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The Da Vinci Code by Dan Brown

Book Title: The Da Vinci Code

Author: Dan Brown

 

There are few people now who would not have heard of the Da Vinci Code, either from seeing the film or from an actual encounter with the novel.

 

After reading the novel, one wonders what all the fuss is about. The examination of the origins of the holy grail were popularised famously years ago in the book, Holy Blood, Holy Grail. Dan Brown had to face court to answer charges from that book’s authors that he had plagiarized their work (which is curious as he mentions the book during the course of his novel). In fact Baigent, Leigh & Lincoln’s Holy Blood, Holy Grail only gathers legends of the Grail which earlier writers had written about and formulates a cohesive tale which speculates that the bloodline of Jesus of Nazareth has continued until the present time.

 

Much of their work was made possible after the discovery of the Nag Hammadi documents in Egypt a couple of years prior to the Dead Sea Scrolls. The Nag Hammadi library of scrolls contains the Gospel of Mary (among other “Gnostic” gospels); a book which Brown cites in The Da Vinci Code.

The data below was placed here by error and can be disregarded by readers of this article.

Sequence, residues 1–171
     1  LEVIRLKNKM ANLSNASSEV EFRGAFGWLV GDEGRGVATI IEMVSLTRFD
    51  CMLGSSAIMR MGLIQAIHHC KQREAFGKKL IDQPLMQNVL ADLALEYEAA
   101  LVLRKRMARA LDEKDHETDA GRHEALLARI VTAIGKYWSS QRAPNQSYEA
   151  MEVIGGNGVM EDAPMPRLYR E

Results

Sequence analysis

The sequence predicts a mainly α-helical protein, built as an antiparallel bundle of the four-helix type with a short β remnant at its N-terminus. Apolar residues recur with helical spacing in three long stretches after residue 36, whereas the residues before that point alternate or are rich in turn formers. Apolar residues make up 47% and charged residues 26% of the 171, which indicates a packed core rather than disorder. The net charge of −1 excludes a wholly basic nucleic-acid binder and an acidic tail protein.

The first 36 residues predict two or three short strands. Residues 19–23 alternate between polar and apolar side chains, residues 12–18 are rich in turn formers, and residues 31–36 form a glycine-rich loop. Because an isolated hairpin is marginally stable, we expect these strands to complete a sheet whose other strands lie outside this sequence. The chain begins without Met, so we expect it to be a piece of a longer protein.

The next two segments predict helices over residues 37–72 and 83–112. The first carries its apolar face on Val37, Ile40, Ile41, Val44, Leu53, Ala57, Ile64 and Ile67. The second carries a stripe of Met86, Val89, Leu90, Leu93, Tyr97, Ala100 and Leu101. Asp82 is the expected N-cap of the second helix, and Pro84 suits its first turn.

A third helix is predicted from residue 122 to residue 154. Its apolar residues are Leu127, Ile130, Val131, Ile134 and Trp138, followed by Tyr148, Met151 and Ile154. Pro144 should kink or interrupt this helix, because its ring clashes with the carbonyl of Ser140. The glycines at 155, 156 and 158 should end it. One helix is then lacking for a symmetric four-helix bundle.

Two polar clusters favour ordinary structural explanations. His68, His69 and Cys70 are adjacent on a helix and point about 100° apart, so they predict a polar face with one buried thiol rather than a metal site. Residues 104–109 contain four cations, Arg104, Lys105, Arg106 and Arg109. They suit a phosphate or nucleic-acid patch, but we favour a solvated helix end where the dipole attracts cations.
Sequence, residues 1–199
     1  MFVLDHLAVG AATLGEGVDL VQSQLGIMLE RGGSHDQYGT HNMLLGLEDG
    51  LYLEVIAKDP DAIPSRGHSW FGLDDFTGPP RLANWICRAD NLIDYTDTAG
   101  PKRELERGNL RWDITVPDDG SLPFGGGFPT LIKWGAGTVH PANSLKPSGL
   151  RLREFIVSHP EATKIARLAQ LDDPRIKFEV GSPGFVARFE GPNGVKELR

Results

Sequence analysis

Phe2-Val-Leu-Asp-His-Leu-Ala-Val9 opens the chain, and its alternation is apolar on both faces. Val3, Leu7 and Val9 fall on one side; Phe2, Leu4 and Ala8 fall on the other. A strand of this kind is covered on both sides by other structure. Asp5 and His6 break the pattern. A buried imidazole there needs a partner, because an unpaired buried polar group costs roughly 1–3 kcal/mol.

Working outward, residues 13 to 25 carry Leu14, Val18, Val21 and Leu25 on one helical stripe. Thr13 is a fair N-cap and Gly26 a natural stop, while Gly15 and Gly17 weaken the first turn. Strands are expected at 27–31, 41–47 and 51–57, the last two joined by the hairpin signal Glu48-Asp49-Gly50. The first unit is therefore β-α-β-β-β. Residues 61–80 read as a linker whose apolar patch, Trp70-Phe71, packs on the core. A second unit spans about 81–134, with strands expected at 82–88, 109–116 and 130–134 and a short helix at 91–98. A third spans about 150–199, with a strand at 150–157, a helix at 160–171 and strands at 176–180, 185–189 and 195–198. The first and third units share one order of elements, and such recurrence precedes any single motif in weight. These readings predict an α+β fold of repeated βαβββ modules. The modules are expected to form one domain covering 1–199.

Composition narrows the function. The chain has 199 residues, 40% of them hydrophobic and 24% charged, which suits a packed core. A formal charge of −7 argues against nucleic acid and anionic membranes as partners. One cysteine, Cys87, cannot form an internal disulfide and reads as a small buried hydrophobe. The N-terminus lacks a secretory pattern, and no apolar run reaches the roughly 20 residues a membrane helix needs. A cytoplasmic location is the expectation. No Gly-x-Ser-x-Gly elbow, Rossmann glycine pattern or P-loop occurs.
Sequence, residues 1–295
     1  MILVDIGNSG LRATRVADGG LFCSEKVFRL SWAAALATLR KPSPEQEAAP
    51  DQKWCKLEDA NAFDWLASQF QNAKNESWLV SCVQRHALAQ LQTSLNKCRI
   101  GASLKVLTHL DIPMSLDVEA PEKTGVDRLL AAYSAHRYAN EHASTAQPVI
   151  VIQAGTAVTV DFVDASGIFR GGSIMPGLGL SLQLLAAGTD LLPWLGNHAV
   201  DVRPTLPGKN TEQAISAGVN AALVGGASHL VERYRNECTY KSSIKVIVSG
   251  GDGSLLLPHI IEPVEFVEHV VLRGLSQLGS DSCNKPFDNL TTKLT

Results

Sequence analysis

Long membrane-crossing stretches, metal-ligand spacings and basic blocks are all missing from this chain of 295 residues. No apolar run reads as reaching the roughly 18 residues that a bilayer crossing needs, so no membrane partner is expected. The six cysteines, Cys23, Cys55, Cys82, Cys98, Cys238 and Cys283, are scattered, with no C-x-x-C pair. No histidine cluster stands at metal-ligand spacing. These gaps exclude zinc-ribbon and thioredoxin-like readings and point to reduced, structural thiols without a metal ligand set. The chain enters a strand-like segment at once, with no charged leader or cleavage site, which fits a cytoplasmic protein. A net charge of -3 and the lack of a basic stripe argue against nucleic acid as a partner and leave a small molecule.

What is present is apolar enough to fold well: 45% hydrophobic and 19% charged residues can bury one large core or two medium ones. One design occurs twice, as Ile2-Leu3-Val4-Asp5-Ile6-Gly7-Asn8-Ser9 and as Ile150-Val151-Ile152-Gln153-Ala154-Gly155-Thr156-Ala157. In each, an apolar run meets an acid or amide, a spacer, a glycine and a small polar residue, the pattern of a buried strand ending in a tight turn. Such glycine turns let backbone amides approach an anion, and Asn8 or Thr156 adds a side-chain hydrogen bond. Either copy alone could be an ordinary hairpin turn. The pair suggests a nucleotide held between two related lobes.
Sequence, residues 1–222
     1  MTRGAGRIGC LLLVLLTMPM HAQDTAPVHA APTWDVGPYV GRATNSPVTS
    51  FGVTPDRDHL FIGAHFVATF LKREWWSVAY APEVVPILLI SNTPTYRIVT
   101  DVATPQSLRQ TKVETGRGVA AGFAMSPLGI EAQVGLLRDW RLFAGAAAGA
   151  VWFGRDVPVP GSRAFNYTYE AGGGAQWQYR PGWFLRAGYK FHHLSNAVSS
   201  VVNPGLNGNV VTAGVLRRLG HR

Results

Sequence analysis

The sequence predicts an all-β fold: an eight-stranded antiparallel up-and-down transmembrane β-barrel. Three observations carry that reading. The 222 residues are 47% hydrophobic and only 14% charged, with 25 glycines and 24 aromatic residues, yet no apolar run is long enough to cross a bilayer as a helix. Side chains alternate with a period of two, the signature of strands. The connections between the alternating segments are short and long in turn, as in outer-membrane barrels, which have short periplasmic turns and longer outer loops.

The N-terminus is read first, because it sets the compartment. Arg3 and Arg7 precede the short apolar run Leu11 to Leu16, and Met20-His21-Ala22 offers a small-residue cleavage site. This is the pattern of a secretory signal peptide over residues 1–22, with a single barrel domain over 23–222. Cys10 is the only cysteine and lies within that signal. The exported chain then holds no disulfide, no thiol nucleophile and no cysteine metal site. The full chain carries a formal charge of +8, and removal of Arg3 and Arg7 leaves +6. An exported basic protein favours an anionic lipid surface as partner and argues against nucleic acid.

The book is not without its faults. One glaring literary one occurs on page 473 (paperback edition). Purporting via a commonly used narrative device to be Teabing’s manservant Remy’s thoughts and feelings, we are told: “A little over a year ago, he was simply a fifty-five year old manservant living within the walls of Chateau Villette, catering to the whims of the insufferable cripple Sir Leigh Teabing”.

 

Without revealing major elements of the plot and its suspense element, the above lines neither work as the voice of the character Remy and certainly we would be outraged if our previously reliable and respected narrator where to maliciously refer to a person with a physical disability as a “cripple”. Neither alternative is acceptable and much of our later acceptance of the novel’s credibility as an internally consistent work, hinges on the above quoted phrases.

Lovers of this novel will not be deterred by such faults, however. Certainly nothing has hindered the book’s overwhelming commercial success.

This reviewer must state though, that the Da Vinci Code left me hoping for less and less of Brown’s work, rather than more.

The Da Vinci Code is published in Australia by Random House .